But Jack and his eighty-six year old grandfather cannot let this go. With the help of his hometown friends who regularly meet at the Memory Hotel, Jack begins an investigation into his brother's last night. They know that Detective Volpi is scared of the people who essentially own him and the town. But they are too mad and torn with grief to let this stop them or to take this as a warning.

As he runs into one roadblock after another, Jack begins to feel the injustice of the legal system. And it's not just about his brother's death. The neglect his pro bono client was given during his original trial is also discouraging his dream of justice. But Jack is relentless and soon he is butting heads with one of the most powerful and ruthless men in New York. And this man is serious; one by one, Jack and his friends are threatened in attempt to get them to shut down their campaign. So can one guy, who is still in law school, beat the rich and their control of the legal system to reveal his brother's murderer?

I was expecting a fast paced novel and this does not disappoint. However, I wasn't prepared for a good legal court drama that roots for the working class and points out the inequities in our legal system. But don't worry; it is not done in a heavy-handed way. As per James Patterson's well-known and successful style, the chapters are very short, which keeps the reader turning pages to see what will happen next. I pretty much read this book in an afternoon and evening, which I'd call the perfect weekend read.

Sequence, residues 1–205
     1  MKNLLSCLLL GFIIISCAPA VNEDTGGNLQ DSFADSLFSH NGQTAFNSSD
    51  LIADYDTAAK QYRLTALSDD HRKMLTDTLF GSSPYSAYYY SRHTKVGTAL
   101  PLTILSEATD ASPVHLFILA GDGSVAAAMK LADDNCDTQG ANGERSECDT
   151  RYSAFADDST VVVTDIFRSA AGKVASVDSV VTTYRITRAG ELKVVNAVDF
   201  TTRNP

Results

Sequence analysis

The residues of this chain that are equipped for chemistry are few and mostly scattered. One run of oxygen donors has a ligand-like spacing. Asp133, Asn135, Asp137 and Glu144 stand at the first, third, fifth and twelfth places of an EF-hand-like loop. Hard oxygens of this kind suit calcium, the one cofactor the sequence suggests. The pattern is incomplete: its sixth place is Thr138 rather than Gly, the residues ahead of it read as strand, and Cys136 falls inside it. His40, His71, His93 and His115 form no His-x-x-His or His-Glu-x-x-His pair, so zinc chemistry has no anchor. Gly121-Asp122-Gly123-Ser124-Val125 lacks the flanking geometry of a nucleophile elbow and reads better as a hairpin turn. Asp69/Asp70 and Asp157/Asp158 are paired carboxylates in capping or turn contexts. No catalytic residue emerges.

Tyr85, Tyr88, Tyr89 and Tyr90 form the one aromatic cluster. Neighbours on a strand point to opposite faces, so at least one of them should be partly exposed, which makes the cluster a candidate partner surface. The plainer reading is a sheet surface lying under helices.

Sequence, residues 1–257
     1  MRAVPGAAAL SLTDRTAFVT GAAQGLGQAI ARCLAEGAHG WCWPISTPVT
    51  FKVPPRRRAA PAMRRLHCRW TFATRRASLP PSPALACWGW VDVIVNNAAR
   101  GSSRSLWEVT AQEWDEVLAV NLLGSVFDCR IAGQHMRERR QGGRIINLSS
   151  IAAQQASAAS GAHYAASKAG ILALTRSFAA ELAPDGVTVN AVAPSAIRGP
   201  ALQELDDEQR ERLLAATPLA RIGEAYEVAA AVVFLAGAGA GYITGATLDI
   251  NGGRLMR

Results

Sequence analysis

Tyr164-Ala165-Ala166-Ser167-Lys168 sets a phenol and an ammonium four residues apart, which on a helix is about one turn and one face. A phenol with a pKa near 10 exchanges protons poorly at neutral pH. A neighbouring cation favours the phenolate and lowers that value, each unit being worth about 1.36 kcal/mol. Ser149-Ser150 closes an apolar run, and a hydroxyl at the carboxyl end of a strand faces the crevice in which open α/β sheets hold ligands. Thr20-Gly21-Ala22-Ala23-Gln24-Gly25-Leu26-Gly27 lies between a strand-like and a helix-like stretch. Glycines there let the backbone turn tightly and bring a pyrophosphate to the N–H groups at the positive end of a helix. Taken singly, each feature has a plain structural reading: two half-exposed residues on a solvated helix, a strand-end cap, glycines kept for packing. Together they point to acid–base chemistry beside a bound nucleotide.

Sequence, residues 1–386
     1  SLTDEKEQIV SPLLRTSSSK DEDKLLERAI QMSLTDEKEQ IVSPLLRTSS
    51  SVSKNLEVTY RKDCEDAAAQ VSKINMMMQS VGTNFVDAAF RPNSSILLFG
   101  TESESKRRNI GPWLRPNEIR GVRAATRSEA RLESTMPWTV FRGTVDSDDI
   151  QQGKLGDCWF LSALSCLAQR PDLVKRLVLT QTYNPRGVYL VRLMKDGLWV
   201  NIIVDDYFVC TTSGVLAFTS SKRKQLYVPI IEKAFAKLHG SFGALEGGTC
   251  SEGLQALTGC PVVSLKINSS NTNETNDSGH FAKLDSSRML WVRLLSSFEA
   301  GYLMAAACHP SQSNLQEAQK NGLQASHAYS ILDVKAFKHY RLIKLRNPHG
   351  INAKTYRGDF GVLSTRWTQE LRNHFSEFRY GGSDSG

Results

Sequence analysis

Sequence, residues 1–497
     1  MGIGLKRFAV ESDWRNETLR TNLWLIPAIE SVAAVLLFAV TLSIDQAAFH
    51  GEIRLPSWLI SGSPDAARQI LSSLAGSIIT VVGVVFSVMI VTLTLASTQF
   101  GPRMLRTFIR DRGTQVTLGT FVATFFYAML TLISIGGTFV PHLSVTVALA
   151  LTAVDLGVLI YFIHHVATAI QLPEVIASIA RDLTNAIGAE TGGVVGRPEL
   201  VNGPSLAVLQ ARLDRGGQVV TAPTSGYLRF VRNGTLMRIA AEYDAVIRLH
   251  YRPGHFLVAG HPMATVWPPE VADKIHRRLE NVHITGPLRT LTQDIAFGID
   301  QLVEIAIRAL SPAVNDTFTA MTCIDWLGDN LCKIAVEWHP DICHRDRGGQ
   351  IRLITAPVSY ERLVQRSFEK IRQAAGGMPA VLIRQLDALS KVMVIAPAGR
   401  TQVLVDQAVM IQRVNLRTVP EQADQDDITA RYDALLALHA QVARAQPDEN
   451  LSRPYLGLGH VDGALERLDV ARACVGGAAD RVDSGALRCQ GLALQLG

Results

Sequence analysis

It also is not a gory novel. Well, except for some photographs that I'm glad I didn't have to look at for real. O.K., those have stuck in my memory a bit more than I'd prefer. But like those photographs, I bet this is one of those plots that I don't forget for awhile, either.

But as much as I like this novel, it is not without a few technical flaws. You might have even caught the first flaw while reading this review. Here's a hint: it has to do with the premise that a hurricane battered Cape Hatteras for a week prior to Memorial Day Weekend -- when Hurricane season does not typically begin until June 1. But even if this fictional year is an especially active one, the likelihood of said hurricane to be called Gwyneth, is about nil. I'd buy Alice or Alan or any other "A" name. It's a small flaw that does not affect the plot line. Just pretend it was just a bad storm causing the steep waves the night of Peter's death. To be honest, because the novel is a page- turner, I almost missed this error. Just the like the one where Jack heads over to the BMW dealership on Sunday and then after finding out some shocking news, visits a bank branch manager ten minutes later. Even if she was expecting to hear from him, I doubt she would have been there on a Sunday. Comon' even the rich of Long Island believe in banker's hours, don't they?